The Hittites - Rise And Fall Of An Ancient Powerful Empire Of Anatolia

The Hittites – Rise And Fall Of An Ancient Powerful Empire

Ellen Lloyd – – The Hittites were once one of the most powerful ancient civilizations that occupied the ancient region of Anatolia.

This long-gone culture has greatly interested archaeologists and historians, but unraveling the truth about the Hittites has been difficult.

The Hittites - Rise And Fall Of An Ancient Powerful Empire Of Anatolia

Left: Neo-Hittite storm god “Tarhunzas” in the Aleppo museum. Credit: Verity Cridland, Wikipedia, CC BY 2.0 – Right: Sphinx Gate, Hattusa, Turkey. Credit: Bernard Gagnon, Wikipedia, CC BY-SA 3.0

The Mysterious Language Of The Hittites

Although the civilization was over 4,000 years old, it was first in 1834 that a French scholar discovered ancient ruins that could be linked to the Hittites. Most ancient documents describing this culture that was once a rivaling threat to the ancient Egyptian kingdom were lost in the sand.

Most of the Hittites were illiterate and could not describe their daily lives. However, ancient clay tablets have shed more information on the Hittites. However, one of the problems scientists face when they attempt to decode the script is that many different languages dominated Anatolia during this historical period. The Hittites borrowed words and phrases from other languages, making it difficult for modern scholars to determine this ancient civilization’s original roots.

Scientists now say that the mysterious language of the Hittites reveals the history of this ancient civilization is much more complex than previously thought.

Based on what is known, the Hittites were mentioned in the Bible as a mythical kingdom. Still, archaeologists have provided sufficient evidence that this was once a genuine culture that had been buried over time.

Ancient records discovered in Egypt tell of a kingdom called Kheta. Historians connected Kheta with the Biblical Hittites.

Egyptian pharaoh Ramesses II storming the Hittite fortress of DapurEgyptian pharaoh Ramesses II stormed the Hittite fortress of Dapur. Image credit: Nordisk familjebok – Public Domain

Still, very little was known about this mysterious ancient Anatolian civilization. This changed in 1906 when German archaeologist Hugo Winckler discovered a royal archive with over 10,000 clay tablets inscribed in cuneiform by people using an unknown language. These ancient tablets were the same as those found at Tell el-Amarna in Egypt and on the inscriptions on the monuments found in Turkey.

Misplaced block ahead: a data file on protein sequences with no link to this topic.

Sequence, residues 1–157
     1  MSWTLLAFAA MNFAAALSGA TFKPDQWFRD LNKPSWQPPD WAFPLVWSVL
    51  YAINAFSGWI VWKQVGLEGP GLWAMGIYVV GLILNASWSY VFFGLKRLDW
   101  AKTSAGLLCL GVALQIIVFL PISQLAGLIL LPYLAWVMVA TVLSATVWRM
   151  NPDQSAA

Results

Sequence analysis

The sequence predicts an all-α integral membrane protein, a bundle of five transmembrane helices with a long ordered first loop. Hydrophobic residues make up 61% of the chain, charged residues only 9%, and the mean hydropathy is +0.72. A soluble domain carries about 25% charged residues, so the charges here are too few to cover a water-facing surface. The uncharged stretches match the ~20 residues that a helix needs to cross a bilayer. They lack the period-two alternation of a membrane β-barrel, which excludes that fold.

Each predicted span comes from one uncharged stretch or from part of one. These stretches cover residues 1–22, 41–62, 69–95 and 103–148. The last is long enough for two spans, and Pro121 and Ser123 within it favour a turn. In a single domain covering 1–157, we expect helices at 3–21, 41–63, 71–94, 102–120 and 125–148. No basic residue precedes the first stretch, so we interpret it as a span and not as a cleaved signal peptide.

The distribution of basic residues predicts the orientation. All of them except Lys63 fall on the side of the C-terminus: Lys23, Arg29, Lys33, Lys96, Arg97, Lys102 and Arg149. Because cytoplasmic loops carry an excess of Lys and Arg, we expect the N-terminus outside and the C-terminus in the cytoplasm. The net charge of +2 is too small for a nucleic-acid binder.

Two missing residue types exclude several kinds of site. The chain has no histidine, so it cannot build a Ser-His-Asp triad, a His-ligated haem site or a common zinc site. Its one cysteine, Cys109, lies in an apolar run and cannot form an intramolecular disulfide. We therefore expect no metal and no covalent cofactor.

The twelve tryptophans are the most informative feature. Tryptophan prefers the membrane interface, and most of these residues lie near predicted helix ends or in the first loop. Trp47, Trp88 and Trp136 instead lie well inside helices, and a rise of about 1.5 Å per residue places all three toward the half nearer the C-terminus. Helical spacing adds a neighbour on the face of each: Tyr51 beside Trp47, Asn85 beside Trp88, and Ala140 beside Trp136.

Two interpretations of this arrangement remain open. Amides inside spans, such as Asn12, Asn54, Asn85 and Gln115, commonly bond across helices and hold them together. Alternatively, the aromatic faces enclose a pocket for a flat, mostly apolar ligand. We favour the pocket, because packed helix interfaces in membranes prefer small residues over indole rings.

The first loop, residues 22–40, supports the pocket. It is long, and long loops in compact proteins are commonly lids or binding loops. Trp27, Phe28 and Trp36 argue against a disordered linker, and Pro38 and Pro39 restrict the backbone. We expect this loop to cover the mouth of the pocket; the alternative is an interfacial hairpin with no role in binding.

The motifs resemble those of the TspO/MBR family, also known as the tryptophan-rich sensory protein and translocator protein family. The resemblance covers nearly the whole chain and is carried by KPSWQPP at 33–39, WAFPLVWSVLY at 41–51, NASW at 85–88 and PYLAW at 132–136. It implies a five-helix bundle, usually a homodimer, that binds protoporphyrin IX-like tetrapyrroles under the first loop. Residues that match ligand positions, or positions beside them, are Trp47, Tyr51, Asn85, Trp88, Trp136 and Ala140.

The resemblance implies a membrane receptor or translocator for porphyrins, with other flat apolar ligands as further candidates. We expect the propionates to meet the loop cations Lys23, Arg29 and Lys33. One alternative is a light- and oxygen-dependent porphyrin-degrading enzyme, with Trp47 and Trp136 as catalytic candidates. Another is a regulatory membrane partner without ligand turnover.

Czech linguist Derdich Hrozny decoded the script in 1915 and published the results of his study in his book The Language of the Hittites; Its Structure and Its Membership in the Indo-European Linguistic Family. In his book, Hrozny explained that the mysterious language of the Hittites is not Middle Eastern but rather an “Indo-European language.

This discovery opens an intriguing chapter in the history of the Hittites and has led to speculation about where the civilization came from. Could these people have originated from Central Europe? Why were they using an Indo-European language? Some scholars think the Hittites originated from the area beyond the Black Sea.

The Rise And Downfall Of The Hittite Empire

The Hittites entered Anatolia around 2000 B.C., and their capital would eventually be Hattusha in what is today modern Turkey. It took them about 400 years before they developed. The empire’s first ruler was Hattusili, which meant “the one from Hattusha.”

Once they had organized their society, they started conquering native peoples, such as Hurrians and Hattians. They spread their culture and language throughout the region. Knowledge about their activities has been documented on cuneiform tablets, one of the earliest systems of writing invented by the Sumerians.

As Captivating History writes in the book Hittites: A Captivating Guide to the Ancient Anatolian People Who Established the Hittite Empire in Ancient Mesopotamia, “eventually the Hittites would adopt a cuneiform script from the remnants of Assyrian settlements which stayed after the fall of the larger Assyrian Empire.”

From these ancient cuneiform tablets, we have learned about the professions, work, religion, and various aspects of their daily life.

The Hittites were a totalitarian regime with the kings ruling with absolute power. All family activities were monitored and controlled. There was no private ownership because the community owned all property.